Since I moved back to Portland in 2011 from college, I’ve learned a lot about art, and what it means to be an artist.
I have been really hurt to see so much of the creative spirit of Portland shift, due to high costs of living, and many other hardhships creatives have had to endure since Portland became an influx hotspot for hip dwellers of all areas around the country. But in every pain comes with some silver lining.
Since back, I’ve befriended some killer groups, largely due in part to some key players. First off, I learned that if you want to be a musician for a living, you absolutely have to embrace it as an entrepreneurial endeavor to a point, or it’ll never be more than a hobby. As I was learning this I started The Heavy Hustle, and entered pseudoboss, a rock and roll band I was a fan of since 2008 then had a chance to drum in around 2012 or so, and was so stoked. Being in that band, and being a part of it ending has taught me that even the best, most promising of things come to an end unfortunately, and to try to have as much fun with it as possible while you have it, don’t take it for granted.
Through pseudoboss I met Jason Fellman, of J-Fell Presents, and he showed me that you can actually make a living off of music if you approach it like a businessman, and also that game theory and principles of poker funny enough are great lessons on how to approach your business as an artist. The biggest lesson from him I’ve learned is if you’ve got a good hand, play it for all it’s worth, and minimize your losses elsewhere.
From Jason and my old friend Vincent from college, I met the guys in ADDverse Effects (Vince is their guitar player), as we all shared a bill and gigged at Mogo Music Festival together. The ADDverse guys are incredible. In particular Boyd, their drummer. Being a drummer, a rapper (in reality a full blown multi-instrumentalist), and in my eyes a true artist, he was never afraid to do what the song needed. As I listened to the group I was always amazed at the fearless character voices Boyd would put into his songs. At first I thought it was a bit silly but enjoyable, but then I realized it was true art, just shamelessly, unapologetically putting yourself out there.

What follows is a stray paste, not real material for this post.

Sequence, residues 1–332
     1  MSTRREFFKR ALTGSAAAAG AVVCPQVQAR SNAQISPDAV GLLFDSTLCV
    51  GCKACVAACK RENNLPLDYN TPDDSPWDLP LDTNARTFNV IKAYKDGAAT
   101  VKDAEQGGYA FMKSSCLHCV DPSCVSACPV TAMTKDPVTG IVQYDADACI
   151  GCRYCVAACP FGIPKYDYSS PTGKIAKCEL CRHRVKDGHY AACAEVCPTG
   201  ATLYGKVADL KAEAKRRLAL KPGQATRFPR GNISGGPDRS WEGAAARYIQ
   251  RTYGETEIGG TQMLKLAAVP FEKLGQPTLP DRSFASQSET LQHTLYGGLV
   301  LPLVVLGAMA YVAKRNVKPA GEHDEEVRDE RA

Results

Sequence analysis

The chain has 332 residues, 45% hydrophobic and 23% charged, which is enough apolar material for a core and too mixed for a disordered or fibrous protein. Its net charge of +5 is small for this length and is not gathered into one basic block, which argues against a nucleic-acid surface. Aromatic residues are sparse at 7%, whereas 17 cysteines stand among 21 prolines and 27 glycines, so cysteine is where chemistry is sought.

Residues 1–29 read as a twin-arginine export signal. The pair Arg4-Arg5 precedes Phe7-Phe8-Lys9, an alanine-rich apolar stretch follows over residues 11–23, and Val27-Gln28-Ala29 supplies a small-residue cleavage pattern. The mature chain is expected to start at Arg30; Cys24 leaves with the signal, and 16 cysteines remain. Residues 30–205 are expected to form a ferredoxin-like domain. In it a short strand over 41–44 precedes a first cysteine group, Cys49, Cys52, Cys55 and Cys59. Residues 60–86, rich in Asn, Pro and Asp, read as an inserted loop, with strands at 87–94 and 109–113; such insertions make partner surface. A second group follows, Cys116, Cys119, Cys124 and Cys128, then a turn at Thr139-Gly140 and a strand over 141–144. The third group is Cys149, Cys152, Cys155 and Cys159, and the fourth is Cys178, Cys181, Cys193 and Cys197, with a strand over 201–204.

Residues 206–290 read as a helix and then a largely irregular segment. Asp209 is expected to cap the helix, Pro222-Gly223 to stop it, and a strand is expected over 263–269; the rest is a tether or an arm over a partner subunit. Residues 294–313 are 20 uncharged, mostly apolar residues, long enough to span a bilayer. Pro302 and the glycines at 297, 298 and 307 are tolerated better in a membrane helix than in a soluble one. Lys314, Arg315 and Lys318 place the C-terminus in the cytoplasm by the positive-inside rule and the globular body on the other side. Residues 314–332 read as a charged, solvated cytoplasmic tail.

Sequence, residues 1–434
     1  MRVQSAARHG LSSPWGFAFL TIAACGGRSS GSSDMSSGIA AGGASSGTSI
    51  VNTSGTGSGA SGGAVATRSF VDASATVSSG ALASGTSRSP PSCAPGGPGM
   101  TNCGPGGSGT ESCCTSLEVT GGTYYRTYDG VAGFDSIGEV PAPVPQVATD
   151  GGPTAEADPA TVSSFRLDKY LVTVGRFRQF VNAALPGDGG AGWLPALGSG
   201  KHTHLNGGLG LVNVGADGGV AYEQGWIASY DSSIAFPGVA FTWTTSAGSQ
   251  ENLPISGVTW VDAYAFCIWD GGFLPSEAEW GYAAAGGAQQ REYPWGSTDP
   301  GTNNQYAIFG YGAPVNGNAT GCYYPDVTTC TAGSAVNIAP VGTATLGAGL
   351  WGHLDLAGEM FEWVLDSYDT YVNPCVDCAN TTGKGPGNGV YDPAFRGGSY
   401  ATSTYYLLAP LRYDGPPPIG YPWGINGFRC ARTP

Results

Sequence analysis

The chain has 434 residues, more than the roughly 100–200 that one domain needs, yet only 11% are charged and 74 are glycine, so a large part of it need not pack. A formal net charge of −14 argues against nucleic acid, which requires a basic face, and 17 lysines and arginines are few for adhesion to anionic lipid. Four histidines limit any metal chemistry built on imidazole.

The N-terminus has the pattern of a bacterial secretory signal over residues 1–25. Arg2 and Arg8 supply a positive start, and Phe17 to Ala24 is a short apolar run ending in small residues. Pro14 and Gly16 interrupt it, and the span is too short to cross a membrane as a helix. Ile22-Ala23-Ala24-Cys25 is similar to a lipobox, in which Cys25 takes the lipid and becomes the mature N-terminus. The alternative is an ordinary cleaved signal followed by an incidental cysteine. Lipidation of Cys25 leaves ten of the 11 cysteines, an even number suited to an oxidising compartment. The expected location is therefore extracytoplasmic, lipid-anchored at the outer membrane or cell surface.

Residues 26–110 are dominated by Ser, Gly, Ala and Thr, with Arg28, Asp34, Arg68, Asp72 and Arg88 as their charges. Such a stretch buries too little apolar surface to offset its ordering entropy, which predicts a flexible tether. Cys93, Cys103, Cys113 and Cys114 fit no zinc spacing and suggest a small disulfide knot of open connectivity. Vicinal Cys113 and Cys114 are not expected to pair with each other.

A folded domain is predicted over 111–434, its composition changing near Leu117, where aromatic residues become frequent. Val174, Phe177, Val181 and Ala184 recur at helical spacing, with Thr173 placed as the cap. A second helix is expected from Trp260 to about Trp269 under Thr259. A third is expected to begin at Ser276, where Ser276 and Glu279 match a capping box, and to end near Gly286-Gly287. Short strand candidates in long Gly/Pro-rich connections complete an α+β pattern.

Finally Skull Diver showed me that you can embrace all the weirdness you want, and just throw it out there. I first met Mandy at a David Bowie tribute show that The Heavy Hustle and her friends band The Breaking were all playing at. It was put on shortly after David Bowie had passed, while at the show she explained to me that she was in a doom-glam group. At first I was like…. the hell is doom-glam? After seeing them play live, I instantly felt they most accurately represented exactly what I would have imagined doom-glam to be, and in addition to that, they have the most amazing outfits, comically mentioned as the ‘disco-fish’ outfits. Mandy and her sister Ally are fearless to express themselves through their look and their outfits. Years later they had an event called the Sparkle Bitch Ball, at which the MC, Buckmaster, was so thankful to work with them because they gave him an opportunity to really be as weird as he always wanted to, without judgement. Hearing him speak so passionately and sincerely about the bands encouragement really meant a lot to me, also put into words what I really appreciated about them as well.
It’s honestly completely refreshing to have met people who have taught me so much, without even really trying, just from them being themselves.
This week Boyd passed away from a biking accident, and it got me thinking about the influence and motivation he had on me as a fellow drummer, performer, and musician, and it led me to realize that he and others have really taught me a lot. Rest in peace my man, you will be dearly missed by our friends in Portland and back home in Oaklahoma. Thank you for the lesson you gave me, for the short time I was lucky enough to know you.
In the end, perform how you want, look the way you want, and when the going is good, take it for all it’s worth, unapologetically!